Albert Trummer, creator of New York City's first medicinal cocktail bar, provides unique science-inspired concoctions in South Beach's Rubell Hotel. The menu is categorized into different health-inspired categories like health and beauty, pain killers and aphrodisiacs. For example, the Hemingway Special mixed with Elixir #5 and Santa Teresa Dark Rum apparently works wonders for those looking for a high-powered stimulant jolt.

Houston: Cloud 10 Creamery

Just the ice cream shop itself is innovative, with housemade flavors like almond and pandan, milk chocolate and black sesame, and lime and Ceylon cinnamon. But Cloud 10 takes it a step further (just as the name suggests) by offering full tasting menus of avant-garde dessert dishes.

Call ahead: Tastings can be scheduled for groups of two to eight during regular business hours, but must be reserved at least seven days in advance.

5216 Morningside Dr.; 713-434-6129

San Francisco: Atelier Crenn

Chef Dominique Crenn recognizes that great food is like great poetry and merges the two on her visually stunning plates. Dish names are abstract, like "The half moon, silky and smoky" and "Nature rejoice, chasing childhood memories." This leads to an extreme element of surprise, as a diner never knows what will arrive at the table next.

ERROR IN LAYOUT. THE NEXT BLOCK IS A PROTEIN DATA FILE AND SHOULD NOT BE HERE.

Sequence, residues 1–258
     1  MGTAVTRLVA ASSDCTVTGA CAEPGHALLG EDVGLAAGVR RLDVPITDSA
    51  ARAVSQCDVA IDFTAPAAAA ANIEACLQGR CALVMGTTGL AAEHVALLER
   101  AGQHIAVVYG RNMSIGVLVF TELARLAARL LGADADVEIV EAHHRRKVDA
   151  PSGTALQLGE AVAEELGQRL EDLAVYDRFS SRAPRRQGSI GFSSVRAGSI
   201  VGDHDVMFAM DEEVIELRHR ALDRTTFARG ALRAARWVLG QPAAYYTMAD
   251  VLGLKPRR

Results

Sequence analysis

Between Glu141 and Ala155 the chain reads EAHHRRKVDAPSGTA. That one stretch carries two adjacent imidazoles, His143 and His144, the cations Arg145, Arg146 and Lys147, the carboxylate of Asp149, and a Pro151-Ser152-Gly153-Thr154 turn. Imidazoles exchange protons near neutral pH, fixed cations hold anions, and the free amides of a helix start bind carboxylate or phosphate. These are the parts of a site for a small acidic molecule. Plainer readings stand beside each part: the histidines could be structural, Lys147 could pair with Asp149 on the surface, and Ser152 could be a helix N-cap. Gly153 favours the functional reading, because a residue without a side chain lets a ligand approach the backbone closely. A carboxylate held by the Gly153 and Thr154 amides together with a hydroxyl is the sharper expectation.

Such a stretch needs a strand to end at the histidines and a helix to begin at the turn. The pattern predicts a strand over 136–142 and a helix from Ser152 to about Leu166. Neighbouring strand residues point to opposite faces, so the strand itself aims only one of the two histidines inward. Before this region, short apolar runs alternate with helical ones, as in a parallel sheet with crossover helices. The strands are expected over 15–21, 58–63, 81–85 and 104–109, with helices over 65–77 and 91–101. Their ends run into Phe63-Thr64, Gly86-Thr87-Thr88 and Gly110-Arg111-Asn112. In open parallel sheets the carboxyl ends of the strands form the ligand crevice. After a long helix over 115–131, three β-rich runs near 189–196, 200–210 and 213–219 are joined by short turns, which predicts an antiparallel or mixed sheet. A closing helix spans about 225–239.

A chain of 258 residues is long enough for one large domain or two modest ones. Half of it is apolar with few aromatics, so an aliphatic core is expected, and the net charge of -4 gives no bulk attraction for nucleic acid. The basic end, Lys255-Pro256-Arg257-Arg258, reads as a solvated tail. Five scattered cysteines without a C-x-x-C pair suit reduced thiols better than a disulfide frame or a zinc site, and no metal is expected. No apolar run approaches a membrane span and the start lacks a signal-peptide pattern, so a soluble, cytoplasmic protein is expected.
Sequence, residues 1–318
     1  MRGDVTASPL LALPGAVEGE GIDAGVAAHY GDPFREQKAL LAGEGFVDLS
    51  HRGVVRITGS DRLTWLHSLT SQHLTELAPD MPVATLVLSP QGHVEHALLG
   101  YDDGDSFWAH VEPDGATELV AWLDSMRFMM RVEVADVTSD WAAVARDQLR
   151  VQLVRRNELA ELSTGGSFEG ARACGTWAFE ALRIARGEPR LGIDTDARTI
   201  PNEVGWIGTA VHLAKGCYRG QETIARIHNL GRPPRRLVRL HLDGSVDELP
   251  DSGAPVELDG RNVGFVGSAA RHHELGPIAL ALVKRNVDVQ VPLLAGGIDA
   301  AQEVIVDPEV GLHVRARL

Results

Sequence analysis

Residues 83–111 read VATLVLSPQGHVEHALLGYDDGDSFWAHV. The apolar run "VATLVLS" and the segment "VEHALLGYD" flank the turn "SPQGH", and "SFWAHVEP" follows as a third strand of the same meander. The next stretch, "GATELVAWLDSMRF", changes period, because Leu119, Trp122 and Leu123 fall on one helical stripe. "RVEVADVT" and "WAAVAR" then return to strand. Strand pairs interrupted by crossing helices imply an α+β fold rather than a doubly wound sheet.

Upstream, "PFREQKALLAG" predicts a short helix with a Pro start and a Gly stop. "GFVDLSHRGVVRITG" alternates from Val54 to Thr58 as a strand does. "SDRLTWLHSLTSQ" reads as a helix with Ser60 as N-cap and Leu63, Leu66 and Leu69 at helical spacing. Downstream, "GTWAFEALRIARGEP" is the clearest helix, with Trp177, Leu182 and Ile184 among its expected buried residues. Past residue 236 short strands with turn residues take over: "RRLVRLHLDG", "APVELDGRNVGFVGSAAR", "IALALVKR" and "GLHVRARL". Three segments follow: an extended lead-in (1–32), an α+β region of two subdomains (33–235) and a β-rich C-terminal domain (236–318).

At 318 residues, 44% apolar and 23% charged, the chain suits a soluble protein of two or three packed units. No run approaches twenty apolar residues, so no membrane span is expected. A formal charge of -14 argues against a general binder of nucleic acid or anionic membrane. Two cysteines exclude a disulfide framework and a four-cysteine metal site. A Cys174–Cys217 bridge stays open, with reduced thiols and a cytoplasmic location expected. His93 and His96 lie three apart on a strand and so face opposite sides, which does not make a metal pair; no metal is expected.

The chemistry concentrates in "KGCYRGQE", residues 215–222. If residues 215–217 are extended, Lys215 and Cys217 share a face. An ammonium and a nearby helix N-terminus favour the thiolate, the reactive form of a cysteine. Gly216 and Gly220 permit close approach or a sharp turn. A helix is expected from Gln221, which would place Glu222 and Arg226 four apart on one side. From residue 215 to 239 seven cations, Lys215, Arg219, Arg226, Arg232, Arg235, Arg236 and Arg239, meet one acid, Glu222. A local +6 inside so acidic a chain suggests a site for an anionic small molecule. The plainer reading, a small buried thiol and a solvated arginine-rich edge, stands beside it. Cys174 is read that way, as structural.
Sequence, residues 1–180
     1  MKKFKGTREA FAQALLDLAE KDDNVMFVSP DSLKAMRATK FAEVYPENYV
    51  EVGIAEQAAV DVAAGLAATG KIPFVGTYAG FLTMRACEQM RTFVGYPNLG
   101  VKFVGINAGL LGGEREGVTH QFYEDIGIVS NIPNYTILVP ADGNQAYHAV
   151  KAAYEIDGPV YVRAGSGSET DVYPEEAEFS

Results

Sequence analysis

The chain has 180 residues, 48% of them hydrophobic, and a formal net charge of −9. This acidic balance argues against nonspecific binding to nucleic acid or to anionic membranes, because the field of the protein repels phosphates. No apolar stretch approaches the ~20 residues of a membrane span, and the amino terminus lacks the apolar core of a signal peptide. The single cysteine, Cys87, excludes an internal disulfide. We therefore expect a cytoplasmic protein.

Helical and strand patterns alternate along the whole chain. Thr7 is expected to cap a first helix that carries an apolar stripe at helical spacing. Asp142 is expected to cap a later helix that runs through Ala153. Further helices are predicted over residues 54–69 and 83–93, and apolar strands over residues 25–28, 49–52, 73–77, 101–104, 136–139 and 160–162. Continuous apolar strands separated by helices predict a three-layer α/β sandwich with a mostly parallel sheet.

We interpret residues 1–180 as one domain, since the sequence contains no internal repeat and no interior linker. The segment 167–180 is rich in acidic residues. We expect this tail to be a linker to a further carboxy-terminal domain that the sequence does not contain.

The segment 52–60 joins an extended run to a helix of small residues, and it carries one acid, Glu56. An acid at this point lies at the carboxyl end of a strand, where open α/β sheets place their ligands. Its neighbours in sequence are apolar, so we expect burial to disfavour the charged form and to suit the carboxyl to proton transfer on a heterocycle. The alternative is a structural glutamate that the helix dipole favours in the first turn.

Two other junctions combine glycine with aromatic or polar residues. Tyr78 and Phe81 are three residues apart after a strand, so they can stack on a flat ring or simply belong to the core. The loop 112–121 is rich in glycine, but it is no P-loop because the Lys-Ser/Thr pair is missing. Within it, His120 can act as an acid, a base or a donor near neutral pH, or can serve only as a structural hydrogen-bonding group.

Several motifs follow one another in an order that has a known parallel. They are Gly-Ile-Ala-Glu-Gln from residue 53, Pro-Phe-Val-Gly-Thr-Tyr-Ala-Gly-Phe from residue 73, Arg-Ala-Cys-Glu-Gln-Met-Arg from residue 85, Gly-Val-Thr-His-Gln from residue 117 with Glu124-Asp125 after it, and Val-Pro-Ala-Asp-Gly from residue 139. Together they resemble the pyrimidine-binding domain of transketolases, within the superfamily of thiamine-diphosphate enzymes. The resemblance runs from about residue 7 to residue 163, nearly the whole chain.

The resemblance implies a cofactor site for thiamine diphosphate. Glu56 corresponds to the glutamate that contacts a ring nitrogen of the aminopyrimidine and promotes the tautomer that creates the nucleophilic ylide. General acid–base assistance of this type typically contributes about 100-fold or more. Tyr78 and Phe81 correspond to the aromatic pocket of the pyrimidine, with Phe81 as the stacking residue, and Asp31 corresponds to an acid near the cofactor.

Know before you go: Guests have a choice of two different tasting menus. There is a five-course tasting for $95 ($85 beverage pairings) and a grand tasting for $180 ($150 pairings).

Washington, DC: BlackSalt

In an effort to increase traceability, BlackSalt partnered with Congressional Seafood Co. earlier this year to make it possible for customers to simply scan the QR-code sticker pasted on the glass in front of each fish to find information about the species, harvest location - even fisherman biographies. The restaurant group plans to expand the program to include meat, dairy and produce down the line.

Philadelphia: Tria Taproom

There are no bottles available at this new Rittenhouse sibling to the popular Tria Cafes, but taking inventory of the 40 taps has never been easier. Access the digital beverage menu by scanning a QR code with your phone (or using a provided iPad), and see exactly what beer and wines are on draft. You can also check how much or little of the keg is left, so you’ll know when that rare Geuze you’ve been loving is about to kick.

Outside the booze: A few of the 40 taps don’t pour alcohol at all: they’re stocked with Sprecher gourmet sodas. Enjoy them with a wood-grilled flatbread or after your meal - a fountain root beer or creamsicle float makes a unique and tasty dessert.